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would give me the best seat in the church. I went. He seated me with General Dille and wife on a buggy seat that they had brought in for their own convenience. The minister was the Rev. Mr. Bradstreet; he boarded in our family, Doctor Burton's.
The next week I attended a dancing party at the house of Mr. David Bonnell, quite a small log house. It stood where Mr. Harbeck's house now stands. The musician was Mr. James Hendershot-splendid music. I enjoyed it much; all plain, happy people—no strife for dress or fashion. The same week the school directors came for me to teach the school in Frogville, now Collinwood; went down in an ox team; the roads were just logs thrown together, very rough. I taught three months; boarded in Mr. Hale's family, now all dead. Among the scholars was a large, hardy young chap. I was often amused, standing at the window to see him crack chestnut burs with his heel. He is now an honorable member of your Association.
Very few of the old settlers are left. I could mention many interesting circumstances of the early settlers. When the Doctor arrived at Euclid he had but two shillings left. He and another young man flipped a copper to see which should have the district school; it fell to the Doctor's lot to teach the school, and by that means he got into practice and was very successful." I will take no more time.
MRS. A. P. BURTON. Collamer, Aug. 20, 1882.
NOTE.-It may not be improper to state that the writer of the foregoing is the widow of Dr. Elijah Burton, deceased, who for many years was a resident physician of Euclid township. He came to Euclid in 1820, taught the school for a while, and studied medicine with Dr. Farnsworth, a physician of that vi. cinity. Dr. Burton soon acquired an enviable reputation as a medical practi. tioner, and especially in diseases peculiar to a new country. He was a noblehearted man, kind and liberal, and highly respected by all who knew him. He died in 1854.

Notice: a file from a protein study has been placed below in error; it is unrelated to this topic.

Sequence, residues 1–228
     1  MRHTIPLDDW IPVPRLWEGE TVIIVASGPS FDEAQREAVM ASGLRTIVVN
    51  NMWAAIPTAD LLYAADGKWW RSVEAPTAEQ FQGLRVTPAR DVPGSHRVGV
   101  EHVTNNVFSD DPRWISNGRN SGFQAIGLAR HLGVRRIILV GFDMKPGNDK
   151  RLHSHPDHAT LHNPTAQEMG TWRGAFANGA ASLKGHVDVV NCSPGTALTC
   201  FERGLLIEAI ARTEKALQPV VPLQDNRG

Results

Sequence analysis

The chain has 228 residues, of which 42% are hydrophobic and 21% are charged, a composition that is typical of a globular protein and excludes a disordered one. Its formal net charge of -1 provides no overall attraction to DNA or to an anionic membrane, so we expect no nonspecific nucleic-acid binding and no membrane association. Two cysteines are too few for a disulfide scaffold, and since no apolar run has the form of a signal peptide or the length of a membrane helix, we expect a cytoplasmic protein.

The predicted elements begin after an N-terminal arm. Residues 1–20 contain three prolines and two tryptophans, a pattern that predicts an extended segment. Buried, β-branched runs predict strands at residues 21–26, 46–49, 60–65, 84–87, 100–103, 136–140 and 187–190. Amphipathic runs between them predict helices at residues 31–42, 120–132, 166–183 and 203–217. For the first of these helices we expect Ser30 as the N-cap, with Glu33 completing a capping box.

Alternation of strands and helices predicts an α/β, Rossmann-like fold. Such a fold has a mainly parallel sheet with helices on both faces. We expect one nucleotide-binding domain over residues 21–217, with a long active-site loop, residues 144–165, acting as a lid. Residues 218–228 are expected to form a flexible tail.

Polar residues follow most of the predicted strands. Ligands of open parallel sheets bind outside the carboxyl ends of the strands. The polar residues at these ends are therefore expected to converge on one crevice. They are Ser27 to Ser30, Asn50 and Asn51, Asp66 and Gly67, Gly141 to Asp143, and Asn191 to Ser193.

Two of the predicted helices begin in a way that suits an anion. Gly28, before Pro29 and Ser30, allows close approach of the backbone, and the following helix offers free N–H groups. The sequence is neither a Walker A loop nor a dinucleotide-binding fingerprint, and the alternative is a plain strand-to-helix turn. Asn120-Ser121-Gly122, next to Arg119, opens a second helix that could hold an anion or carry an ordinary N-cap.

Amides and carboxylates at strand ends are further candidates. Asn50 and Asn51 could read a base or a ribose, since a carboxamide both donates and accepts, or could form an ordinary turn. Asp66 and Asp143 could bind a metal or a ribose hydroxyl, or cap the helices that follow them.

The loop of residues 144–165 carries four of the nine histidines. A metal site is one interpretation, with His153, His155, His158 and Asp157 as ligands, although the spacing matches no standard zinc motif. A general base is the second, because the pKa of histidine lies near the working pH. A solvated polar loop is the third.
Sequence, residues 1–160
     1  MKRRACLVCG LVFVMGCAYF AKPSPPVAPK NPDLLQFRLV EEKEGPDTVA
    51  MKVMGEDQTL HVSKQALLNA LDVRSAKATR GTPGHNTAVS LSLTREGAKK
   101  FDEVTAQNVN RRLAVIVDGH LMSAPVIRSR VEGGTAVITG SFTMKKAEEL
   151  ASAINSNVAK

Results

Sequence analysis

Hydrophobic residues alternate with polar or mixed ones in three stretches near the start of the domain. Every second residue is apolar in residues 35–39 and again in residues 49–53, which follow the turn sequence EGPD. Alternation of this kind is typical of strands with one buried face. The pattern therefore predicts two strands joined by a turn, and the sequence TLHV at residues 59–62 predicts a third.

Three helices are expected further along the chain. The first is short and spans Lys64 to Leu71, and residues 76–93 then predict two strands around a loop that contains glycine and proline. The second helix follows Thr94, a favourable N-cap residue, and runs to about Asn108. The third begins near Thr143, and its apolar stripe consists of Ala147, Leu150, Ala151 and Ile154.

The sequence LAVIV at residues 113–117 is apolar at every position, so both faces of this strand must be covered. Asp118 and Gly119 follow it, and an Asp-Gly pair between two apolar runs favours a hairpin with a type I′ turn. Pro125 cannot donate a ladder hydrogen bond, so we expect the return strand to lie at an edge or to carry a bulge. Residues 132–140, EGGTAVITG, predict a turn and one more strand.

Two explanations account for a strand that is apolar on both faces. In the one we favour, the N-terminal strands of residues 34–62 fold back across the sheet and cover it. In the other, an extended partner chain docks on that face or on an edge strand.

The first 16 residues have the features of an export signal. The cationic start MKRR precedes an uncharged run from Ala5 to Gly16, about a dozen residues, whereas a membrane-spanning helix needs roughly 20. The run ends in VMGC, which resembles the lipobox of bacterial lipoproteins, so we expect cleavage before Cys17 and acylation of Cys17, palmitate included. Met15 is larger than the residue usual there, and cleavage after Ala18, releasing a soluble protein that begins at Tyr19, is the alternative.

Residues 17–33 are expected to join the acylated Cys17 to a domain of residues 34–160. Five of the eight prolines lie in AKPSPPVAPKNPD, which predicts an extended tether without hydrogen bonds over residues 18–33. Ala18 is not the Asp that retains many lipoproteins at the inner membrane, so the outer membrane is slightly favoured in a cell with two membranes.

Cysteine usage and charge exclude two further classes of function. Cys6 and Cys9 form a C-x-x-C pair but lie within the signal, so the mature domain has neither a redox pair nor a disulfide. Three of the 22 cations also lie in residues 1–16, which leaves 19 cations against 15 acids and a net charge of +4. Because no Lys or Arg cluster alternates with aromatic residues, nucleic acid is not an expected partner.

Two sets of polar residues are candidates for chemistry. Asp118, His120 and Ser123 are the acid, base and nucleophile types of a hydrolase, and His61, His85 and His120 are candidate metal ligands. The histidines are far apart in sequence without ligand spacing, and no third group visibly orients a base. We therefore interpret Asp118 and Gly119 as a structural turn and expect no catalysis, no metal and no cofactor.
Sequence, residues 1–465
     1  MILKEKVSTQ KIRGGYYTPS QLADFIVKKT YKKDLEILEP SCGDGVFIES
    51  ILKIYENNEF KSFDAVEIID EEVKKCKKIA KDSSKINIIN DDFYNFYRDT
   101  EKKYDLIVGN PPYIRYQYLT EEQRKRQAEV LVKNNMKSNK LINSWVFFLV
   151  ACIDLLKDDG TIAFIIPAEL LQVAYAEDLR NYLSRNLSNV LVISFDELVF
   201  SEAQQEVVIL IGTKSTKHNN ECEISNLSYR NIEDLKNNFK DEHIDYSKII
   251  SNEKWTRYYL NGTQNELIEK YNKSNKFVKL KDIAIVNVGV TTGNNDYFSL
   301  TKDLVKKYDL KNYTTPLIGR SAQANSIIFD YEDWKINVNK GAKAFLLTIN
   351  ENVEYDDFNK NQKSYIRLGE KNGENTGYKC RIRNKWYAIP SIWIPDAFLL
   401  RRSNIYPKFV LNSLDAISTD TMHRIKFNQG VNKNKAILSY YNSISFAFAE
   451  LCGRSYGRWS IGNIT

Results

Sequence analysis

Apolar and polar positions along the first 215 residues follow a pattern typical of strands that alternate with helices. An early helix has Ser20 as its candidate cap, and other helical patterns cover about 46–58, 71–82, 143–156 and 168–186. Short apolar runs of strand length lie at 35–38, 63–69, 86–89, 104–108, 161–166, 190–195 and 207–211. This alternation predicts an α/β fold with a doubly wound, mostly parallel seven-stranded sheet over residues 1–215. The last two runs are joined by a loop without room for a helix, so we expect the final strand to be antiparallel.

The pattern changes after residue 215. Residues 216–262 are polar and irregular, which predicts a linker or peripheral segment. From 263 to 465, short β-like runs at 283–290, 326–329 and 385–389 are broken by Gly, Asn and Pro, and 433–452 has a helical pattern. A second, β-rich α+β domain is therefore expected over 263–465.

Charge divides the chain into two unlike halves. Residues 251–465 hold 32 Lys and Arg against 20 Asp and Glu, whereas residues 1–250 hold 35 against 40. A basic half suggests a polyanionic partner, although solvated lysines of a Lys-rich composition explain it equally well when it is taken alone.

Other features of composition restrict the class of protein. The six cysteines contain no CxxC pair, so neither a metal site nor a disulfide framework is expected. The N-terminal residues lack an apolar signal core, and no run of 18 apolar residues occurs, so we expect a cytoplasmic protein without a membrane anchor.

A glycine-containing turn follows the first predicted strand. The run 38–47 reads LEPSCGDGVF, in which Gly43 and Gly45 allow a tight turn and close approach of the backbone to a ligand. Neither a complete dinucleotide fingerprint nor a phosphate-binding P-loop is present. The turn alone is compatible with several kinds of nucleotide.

NAMES OF EARLY SETTLERS WHOM I KNEW.
Cleveland, O., July 20, 1882. The following, to the best of my recollection, are the names of men who lived in what was then Cleveland, in the fall of 1811 and spring of 1812. Possibly a few names may be missing. I will begin north of the Kingsbury creek, on Broadway:
The first was Maj. Samuel Jones, on the hill near the turn of the road; farther down came Judge John Walworth, then postmaster, and his oldest son A. W. Walworth, and son-in-law, Dr. David Long. Then on the corner, where the Forest City House now stands, was a Mr. Morey. The next was near the now American House, where the little post office then stood, and Mr. Hanchet, who had just started a little store. Close by was a tavern, kept by Mr. George Wallace. Then on top of the hill, north of Main street, Lorenzo Carter and son, Lorenzo, Jr., who kept tavern also. The only house below on Water street was owned by Judge Samuel Williamson with his family, and his brother Matthew, who had a tannery on the side hill below. On the corner of Water and Superior streets, was Nathan Perry's store, and his brother, Horace Perry, lived near by. Levi Johnson began in Cleveland about that time, likewise two brothers of his, who came on soon after; Benjamin, a one-legged man; and I think the other name was John. The first and last were lake captains for a time. Abraham Hickox, the old blacksmith; Alfred Kelly, Esq., who boarded with 'Squire Walworth at that time; then a Mr. Bailey, also Elias and Harvey Murray, and perhaps a very few others in town not named.